New Year, Still a Mother


I rang in this new year sick with a sick child, so I didn’t get the jump start I wanted. It’s just another reminder that having children changes our plans. What I don’t subscribe to, is the thought that they change our plans for the worse.

Adding to this, I was also sick with a sick baby which wasn’t fun, but it does allow one extra time to think about things, like, “What would I like to accomplish this year, really?”

The tail end of 2018 brought some big changes for me. One, I quit my day job. For the first time in my adult life I am not working as a graphic designer [or insert any other basic profession here] to pay the bills. I am so incredibly grateful for the opportunity to do this, but also, I feel very out of sorts. I have never not made money. My husband and I share our finances mentally (as in it is all ours collectively) but because of all our moves and different life status we have still mostly been operating with a “you pay yours and i’ll pay mine” actuality. So in other words, the money I spent, I paid for. Now, as I don’t have a day job, things will have to change. But there is one thing I don’t want to change, and that is making some money. This time with my art.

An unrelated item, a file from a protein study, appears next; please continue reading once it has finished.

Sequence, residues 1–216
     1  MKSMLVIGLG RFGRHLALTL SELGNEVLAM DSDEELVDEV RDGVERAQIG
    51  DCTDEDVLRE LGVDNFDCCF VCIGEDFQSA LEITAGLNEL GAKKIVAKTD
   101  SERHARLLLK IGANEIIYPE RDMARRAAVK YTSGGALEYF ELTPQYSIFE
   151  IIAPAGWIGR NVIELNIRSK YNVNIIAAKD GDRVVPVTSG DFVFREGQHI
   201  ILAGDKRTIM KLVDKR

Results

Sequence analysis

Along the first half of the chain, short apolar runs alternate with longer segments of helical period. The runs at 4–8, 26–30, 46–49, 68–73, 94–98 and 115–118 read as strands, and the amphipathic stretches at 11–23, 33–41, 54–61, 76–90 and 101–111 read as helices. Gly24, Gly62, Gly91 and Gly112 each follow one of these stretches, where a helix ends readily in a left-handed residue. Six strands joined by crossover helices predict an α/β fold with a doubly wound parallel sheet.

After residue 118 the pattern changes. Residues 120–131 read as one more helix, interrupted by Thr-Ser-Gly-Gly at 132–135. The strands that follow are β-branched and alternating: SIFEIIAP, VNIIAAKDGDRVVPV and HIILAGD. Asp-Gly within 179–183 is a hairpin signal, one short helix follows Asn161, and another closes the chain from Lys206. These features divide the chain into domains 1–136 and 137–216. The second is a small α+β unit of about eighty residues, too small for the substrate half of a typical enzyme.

Another thing happened too, I participated in my first art show in years! I


“Lettuce take a stand.”

made a painting for the Swains miniature show. My piece called “Lettuce take a stand” was the first painting I have made expressly for the purpose of sale in at least two years. I am also happy to say that it sold! In addition to selling this piece I had two other much older pieces sell at the same gallery just a few months before this. For me, these were all small victories and reminders that I am doing what I should be doing. That this life of being a painter is not a figment of my imagination but an attainable goal, that I can set my eyes on realistically.

Speaking of being realistic, I also am still, happily, a mother. I feel like I have spent more time with this reality the end of this year than ever. This is my world. But I need to be not only a mother but personally fulfilled. I need to complete my mission. Glenn Close recently said it perfectly during her Golden Globes acceptance speech, “I feel what I’ve learned from this whole experience is that women, we’re nurturers, that’s what’s expected of us. We have our children. We have our husbands, if we’re lucky enough, or our partners, whoever. But we have to find personal fulfillment.”

This year I vow to make real strides in my workflow. I’m not going to shoot for too much, but I will figure out how to get as much done as possible while keeping my family life happy. This probably means a dirtier house and more instant food (thank goodness for Trader Joe’s!). But I must keep praying and working towards the mission I was given on this planet. I know this is who God has been preparing me to be, I just need to step up to the plate and take a swing at it.